Proceeds will benefit the
MOSAIC Endowed Scholar-
ship for CF students that was
established during the
group's visit in 2009.
"We're excited to have MO-
SAIC back at CF," said Joan

Answers to puzzles on p. 7


Steams, vice president ofln-
stitutional Advancement at
CE "Last year's concerts
were wonderful and brought
both alums and families to
the campus. Sean giving back
to his alma mater in this way
sends a great message to our
college family and the com-
munity about the impact of
the CF experience on our
students."

mus c thk ? "PuMOR~aAzels
Beck, Frank Sinatra, and
Take 6 in a blender and hit
puree," according to the a
cappella group's website.
MOSAIC has created a sound
of its own by mixing elements
of funk, jazz, hip hop and
even opera.
"I'm excited to be return-
ing to perform again in my
hometown and on the CF
stage," said Gerrity. "Last
year was an incredible
homecoming for me. I was so
excited and proud to bring
the guys to CF and then to
have the community give us
all such a warm welcome was
humbling. Not to mention we
had a blast with three great
audiences at each of our
three shows! What a blessing
to be able to give back and
support CF students while
doing what we love."


Four different chu rches sa ng d uri ng a specialI event at Christ's Chu rch of Ma rion County.



Junior League's gift market Sept. 10 and 11


Autumn Gift Market is a
two-day holiday gift shop-
ping extravaganza open to
the general public. Admis-
sion is $5 per person,
This year it will be held
Friday, Sept. 10, 9 a.m. to 7
p.m. and Saturday, Sept. 11, 9
a.m. to 5 p.m. at the College of
Central Florida, formerly
CFCC gymasiu. Itw11
hsCC man ymn um vndwirs
from all across the nation
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decorative items for men,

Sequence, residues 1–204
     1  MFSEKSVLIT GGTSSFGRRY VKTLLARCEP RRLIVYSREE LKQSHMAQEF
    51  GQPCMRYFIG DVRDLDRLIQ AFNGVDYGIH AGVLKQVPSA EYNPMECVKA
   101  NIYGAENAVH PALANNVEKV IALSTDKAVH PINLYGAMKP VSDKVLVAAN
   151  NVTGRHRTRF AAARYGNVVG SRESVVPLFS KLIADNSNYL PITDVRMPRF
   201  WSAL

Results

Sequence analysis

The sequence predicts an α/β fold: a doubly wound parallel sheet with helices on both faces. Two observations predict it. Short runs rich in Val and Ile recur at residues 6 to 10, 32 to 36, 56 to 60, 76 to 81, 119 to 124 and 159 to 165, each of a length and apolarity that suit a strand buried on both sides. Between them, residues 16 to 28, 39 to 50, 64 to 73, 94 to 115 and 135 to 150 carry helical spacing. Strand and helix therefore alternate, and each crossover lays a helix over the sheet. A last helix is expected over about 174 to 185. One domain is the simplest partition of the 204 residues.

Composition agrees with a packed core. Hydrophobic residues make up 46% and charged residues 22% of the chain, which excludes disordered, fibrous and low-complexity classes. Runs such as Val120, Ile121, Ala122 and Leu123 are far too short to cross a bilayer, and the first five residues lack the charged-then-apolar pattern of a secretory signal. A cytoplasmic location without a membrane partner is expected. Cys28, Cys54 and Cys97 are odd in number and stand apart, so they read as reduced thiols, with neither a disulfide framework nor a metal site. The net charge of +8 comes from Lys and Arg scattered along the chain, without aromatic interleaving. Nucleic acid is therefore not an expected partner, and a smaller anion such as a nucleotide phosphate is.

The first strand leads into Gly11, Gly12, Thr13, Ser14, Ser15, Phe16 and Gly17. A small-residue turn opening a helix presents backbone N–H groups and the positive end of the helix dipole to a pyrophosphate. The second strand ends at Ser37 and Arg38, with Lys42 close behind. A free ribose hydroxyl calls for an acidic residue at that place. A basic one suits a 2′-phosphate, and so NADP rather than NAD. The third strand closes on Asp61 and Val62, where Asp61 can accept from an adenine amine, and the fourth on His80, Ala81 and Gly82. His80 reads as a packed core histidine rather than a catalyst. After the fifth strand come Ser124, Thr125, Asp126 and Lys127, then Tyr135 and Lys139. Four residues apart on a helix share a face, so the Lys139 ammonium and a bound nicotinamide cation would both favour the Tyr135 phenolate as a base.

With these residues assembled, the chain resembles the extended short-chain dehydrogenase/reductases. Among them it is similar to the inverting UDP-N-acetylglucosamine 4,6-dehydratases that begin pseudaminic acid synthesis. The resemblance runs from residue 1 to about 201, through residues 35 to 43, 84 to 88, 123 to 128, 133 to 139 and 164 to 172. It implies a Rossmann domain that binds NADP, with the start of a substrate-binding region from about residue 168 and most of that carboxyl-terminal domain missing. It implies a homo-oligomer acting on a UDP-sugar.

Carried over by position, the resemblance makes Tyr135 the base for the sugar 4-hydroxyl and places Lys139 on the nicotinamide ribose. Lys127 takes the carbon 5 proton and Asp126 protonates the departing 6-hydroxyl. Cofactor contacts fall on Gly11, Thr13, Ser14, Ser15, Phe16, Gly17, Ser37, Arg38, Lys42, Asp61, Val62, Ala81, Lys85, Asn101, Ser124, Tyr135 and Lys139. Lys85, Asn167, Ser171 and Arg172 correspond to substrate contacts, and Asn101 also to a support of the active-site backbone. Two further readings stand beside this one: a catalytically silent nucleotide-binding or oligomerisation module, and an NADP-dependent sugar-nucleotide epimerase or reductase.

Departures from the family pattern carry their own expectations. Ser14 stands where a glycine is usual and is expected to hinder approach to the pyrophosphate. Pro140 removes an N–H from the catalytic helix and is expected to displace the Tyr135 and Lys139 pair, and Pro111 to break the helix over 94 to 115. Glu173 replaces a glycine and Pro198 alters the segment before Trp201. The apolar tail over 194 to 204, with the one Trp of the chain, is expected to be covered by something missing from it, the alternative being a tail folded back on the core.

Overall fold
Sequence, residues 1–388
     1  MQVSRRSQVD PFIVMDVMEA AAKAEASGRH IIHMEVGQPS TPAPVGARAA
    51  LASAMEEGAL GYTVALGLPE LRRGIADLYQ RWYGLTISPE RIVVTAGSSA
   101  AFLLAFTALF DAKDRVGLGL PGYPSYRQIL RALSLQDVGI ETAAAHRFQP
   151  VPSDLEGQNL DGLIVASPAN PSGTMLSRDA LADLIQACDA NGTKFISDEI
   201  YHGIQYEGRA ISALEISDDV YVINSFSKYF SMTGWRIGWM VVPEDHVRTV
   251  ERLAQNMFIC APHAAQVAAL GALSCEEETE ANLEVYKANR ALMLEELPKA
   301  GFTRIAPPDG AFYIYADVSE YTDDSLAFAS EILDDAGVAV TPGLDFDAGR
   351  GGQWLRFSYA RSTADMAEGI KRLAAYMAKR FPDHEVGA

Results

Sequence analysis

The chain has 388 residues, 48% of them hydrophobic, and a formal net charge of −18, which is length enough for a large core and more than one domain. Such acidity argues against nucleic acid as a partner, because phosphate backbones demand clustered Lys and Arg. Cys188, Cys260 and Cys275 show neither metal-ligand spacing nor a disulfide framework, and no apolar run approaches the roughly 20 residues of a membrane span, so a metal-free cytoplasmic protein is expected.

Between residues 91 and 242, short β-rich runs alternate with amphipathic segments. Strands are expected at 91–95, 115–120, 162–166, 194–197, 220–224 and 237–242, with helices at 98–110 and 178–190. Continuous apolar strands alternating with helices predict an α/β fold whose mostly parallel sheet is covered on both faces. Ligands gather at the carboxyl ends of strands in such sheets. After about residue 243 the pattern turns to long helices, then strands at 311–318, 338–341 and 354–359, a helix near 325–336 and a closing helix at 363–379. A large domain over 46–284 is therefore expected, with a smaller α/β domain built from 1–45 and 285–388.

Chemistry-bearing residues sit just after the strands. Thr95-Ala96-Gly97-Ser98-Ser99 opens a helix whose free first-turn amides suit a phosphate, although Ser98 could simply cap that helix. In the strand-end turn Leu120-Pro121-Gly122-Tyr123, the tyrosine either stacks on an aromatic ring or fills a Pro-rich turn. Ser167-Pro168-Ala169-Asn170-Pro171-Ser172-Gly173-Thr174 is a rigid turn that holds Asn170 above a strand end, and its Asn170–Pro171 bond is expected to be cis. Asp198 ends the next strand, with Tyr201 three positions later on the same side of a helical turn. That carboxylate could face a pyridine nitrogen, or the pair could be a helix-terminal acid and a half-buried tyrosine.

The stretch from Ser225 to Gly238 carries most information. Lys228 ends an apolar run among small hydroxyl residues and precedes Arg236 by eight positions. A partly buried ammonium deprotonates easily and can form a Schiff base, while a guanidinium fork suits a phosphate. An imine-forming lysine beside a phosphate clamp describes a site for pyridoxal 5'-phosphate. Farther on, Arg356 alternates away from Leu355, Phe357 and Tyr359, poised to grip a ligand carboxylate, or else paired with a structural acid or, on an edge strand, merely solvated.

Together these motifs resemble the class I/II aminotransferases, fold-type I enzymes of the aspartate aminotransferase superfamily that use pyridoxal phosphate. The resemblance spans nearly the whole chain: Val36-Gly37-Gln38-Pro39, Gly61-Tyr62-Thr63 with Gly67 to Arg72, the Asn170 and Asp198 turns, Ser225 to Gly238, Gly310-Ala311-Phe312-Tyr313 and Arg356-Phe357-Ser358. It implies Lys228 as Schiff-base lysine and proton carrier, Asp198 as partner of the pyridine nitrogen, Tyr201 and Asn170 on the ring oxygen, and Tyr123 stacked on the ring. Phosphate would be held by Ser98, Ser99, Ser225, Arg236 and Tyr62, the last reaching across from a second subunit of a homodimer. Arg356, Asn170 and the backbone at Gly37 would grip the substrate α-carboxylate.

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ping list.
Local dance, choir and bal-
let groups perform during
the weekend. Anxiously an-
ticipated and widely at-
tended, thousands of area


residents and supporters
have enjoyed AGM through-
out the years.
The Autumn Gift Market is
the Junior League of Ocala's
largest fundraiser of the year.
Proceeds from AGM allow
Junior League to fund its
projects in the community.
Past projects include Done











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in a Day events, the Black
Stallion Literacy Project,
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other League community
projects that serve the
women and children of Mar-
ion County.


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Video game tournament


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MOS AIC returns to


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1 lbCat L*ta Y

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Free par k admission

With a libr ary card

Florida Governor Charlie Crist recently
signed a proclamation designating September
as Florida Literacy Mlonth. The Florida Depart-
ment of Environmental Protection's (DEP)
Florida State Parks and its partners are cele-
brating the fourth annual Florida Literacy
Month with special events at state parks and li-
braries statewide. In conjunction with Interna-
tional Literacy Day on September 8th and
National Library Card Signup Mlonth, entrance
to all of Florida's state parks will be free* Fri-
day, September 10 through Sunday, September
12 for visitors who bring a library card, library
book or who donate a new or gently used family
book
"Florida Literacy Mlonth is a perfect reminder
that reading and writing can be enjoyed in many
settings, including the outdoors," said Florida
State Parks Director Donald Forgione. "Read-
ing a nature-themed book at a Florida State
Park is one example of an exciting way for stu-
dents and adults alike to learn about the envi-
ronment while improving literacy skills."


WEST MARION

SMNTHE COMMUNHIES&IBUsNhESSES BETWEEN sR200nDUS2 ~z

The West Marion Messenger is a free community newspaper covering
news of communities west of Ocala including Fore Ranch, Stone Creek,
Fairfield Village, Ocala Palms, Timbetwood, Falls of Ocala, Foxwood Farms
and Golden Hills.
Postmaster: Entered as Third Class Matter at the post office in Ocala, Fla.,
34477.
Problems getting the Messenger: If your community is listed above and
the Messenger is not delivered to you or you are having trouble getting the
paper from boxes around the S.R. 40 and SR 27 areas, call 854-3986.

CONTACT INFORMATION
(352) 854-3986 Fax (352) 854-92T77